“Tongues” or “Unknown languages” in 1 Cor 12-14?

Mark D. Taylor

Brent Kercheville has been writing a series of blogs about his interaction with the NLT text. One of those posts is called “Tongues vs. Languages (1 Corinthians 12-14).” Brent appreciates the NLT’s use of “languages” in place of the more obscure term “tongues” in 1 Cor 12, but he expresses frustration that the NLT then uses “tongues” in chapter 14.

In fact, the NLT uses both “speaking in tongues” and “speaking in unknown languages” in 1 Cor 14. Why? We had vigorous debates on the translation committee as to how we should translate glossa in a way that would be understandable to modern readers–especially those without much background in biblical teaching. And the situation is further complicated because scholars and church historians are divided as to whether Paul was referring in this passage to human languages not otherwise known to the speaker or to ecstatic utterances that are unrelated to any human language. If the translation had simply and consistently used “unknown languages,” it would imply that Paul was referring to human languages unknown to the speakers (as seems to have been the case on the Day of Pentecost; Acts 2:4-11). But if we had used the traditional term “tongues” throughout, it would imply that Paul was referring only to ecstatic utterances.

So in the end we decided to use both terms. This allows the reader to get the sense that Paul might have been referring to either or both of these meanings. We were apprehensive about using the word “tongues,” because it is a technical term understood only by readers well versed in biblical teaching. On the other hand, it is the term used in Pentecostal churches to refer to the contemporary phenomenon of “speaking in tongues.” So we used both “tongues” and “unknown languages” in order to provide the broadest sense of the meaning of the passage.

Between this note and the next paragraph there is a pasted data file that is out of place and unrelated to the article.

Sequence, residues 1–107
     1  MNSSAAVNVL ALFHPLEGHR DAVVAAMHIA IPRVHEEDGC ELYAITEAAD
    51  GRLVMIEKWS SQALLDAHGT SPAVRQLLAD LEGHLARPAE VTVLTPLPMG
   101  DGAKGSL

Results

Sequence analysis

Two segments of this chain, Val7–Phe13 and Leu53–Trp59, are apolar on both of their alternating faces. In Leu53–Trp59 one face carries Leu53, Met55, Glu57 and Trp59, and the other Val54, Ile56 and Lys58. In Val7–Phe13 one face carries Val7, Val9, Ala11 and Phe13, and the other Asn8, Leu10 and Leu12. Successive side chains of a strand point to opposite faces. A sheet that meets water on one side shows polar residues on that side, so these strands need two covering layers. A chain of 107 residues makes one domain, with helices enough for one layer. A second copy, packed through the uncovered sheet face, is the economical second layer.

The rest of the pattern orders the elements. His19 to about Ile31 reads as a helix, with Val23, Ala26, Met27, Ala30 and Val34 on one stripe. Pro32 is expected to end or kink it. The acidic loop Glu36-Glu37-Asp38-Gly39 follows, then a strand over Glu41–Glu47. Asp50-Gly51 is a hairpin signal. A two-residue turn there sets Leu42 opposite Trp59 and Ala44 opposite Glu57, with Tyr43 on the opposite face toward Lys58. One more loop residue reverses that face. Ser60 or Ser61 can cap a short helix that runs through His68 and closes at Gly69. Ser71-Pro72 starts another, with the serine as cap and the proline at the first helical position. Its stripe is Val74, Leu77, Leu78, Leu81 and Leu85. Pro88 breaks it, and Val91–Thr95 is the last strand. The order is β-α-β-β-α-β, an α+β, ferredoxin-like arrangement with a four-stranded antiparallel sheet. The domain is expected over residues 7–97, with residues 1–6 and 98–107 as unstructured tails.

Incidentally, the NLT Study Bible provides a word study on the various uses of glossa in the New Testament.

Sentence Structure in the NLT

By Mark D. Taylor

The issue of sentence structure in English Bibles is interesting. On the surface, one might assume that an English Bible could/should simply follow the structure of the sentences in Hebrew and Greek. But the very concept of a “sentence” differs from language to language.

Let’s look at the prologue to Romans (Rom 1:1-7) as an example. We begin by reminding ourselves that koine Greek does not actually use punctuation or paragraph breaks, nor does it differentiate between upper case and lower letters. This might surprise you, because the UBS Greek New Testament uses paragraphs, capital letters, and punctuation (commas, periods, question marks, and semicolons). But this is because the editors of that Greek text have made judgment calls as to how the Greek “sentences” should be presented in a format we’re accustomed to seeing in English.

In the UBS Greek text, Rom 1:1-7 is presented as one long sentence (i.e., the first full stop comes at the end of verse 7). But does that mean that English translations should also use only one sentence for that passage? Formal-equivalence translations tend to do so. For example, KJV, RSV, NASB, NRSV, and ESV all use only one sentence for this long prologue. Interestingly, the NKJV uses two sentences. NIV and TNIV use four sentences. NLT2 uses nine sentences.

Which approach is correct? I would argue that they all are. Each translation uses a unique translation philosophy, and the structure of English sentences plays into that philosophy. Unfortunately, the proponents of formal equivalence sometimes imply that the only legitimate style of translation is to follow the sentence structure of the original texts as closely as possible. But life isn’t quite that simple.